Death is not so easily defeated…

web_Alasdair_Roberts_02_by_Kim_Ayres (1)I’ve had these recordings knocking around for a while but not got round to doing anything with them…

I think it’s fair to say you really have to be in the right mood to appreciate Alasdair Roberts’ piercing, disconsolate folk forms, which may well be the unconscious reason why I’ve not really explored these recordings until now. We saw him supporting Bill Callahan in the cavernous spaces of Bristol’s St George’s. Now, Callahan’s getting a certain amount of love at the moment, not least because he appears to have “cheered up” a bit. Reviews of Dream River frequently cite Callahan’s apparent contentment (somebody even referred to him being “lucky in love”). Well, if this is true, I’m not sure I really want to look too deeply into Alasdair Roberts’ particular well of loneliness…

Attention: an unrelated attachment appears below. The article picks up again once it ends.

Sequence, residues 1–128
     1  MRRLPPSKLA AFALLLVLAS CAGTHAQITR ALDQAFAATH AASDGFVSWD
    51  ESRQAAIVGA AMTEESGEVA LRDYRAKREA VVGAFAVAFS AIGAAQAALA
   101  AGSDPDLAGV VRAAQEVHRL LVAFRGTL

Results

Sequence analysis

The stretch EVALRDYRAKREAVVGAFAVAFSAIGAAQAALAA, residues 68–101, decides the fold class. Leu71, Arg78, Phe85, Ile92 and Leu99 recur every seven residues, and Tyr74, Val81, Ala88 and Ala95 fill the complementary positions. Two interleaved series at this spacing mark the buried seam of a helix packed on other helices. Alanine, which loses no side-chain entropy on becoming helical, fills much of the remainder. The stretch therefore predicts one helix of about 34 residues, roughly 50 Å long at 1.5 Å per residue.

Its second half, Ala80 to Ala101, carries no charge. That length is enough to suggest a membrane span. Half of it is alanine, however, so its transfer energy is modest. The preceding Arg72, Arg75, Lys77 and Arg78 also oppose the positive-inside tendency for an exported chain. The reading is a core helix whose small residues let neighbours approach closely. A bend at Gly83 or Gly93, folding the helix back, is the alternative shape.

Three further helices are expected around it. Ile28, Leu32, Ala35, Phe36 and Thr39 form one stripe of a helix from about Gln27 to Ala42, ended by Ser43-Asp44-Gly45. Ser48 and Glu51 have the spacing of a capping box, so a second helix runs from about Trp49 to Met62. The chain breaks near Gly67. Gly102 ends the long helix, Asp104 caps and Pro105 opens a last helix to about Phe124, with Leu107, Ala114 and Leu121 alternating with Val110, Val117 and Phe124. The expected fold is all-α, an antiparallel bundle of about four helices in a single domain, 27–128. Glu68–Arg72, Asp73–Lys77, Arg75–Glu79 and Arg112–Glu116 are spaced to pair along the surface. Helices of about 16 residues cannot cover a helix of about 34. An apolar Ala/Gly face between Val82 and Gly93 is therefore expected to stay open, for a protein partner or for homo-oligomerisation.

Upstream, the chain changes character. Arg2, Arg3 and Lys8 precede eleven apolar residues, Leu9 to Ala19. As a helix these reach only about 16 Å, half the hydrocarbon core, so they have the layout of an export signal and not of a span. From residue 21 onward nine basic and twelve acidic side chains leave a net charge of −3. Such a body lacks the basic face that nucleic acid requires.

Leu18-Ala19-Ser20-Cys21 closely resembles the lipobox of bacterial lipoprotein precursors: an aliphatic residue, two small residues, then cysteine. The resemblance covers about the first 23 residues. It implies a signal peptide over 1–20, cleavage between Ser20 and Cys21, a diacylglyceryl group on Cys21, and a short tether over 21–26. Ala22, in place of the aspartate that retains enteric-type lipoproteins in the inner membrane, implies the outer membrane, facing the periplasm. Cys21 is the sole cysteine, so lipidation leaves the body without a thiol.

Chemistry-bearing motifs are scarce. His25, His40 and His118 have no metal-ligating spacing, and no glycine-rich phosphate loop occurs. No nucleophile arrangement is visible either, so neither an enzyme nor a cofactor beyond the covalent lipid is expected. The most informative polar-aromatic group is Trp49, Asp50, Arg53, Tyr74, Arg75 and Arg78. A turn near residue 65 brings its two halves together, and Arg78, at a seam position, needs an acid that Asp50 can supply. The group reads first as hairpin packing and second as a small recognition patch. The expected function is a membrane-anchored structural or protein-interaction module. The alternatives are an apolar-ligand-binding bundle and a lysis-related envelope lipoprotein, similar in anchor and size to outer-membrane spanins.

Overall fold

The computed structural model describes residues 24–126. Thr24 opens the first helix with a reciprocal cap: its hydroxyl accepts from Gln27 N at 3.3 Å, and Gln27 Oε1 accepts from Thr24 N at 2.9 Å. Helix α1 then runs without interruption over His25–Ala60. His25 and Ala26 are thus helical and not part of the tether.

Alasdair Roberts

Having said that, once you’ve taken the step, there’s something irresistible about the man’s earthy songs – they shimmer and flicker like something half-buried in someplace rather unpleasant. I referred to his charms as being “Presbyterian” in the Bill Callahan post, and that being the case you might have expected him to have shone a little more brightly in the transcendent surroundings of St George’s in all its austere glory. But actually, Roberts seemed uncomfortable and didn’t make much of a connection with the Callahan-hungry audience. The recordings I made are marred slightly by the sounds of uninterested punters wandering off to the bar.

The poor wretch’s musings continue to fascinate this particular punter, though, and for once I was happy to listen to a good half hour of one man and his guitar – no banjo, no Jews’ harp, no loop pedal, just one player unremitting, strident, charmed…

Fair Flower of Northumberland

Farewell Sorrow

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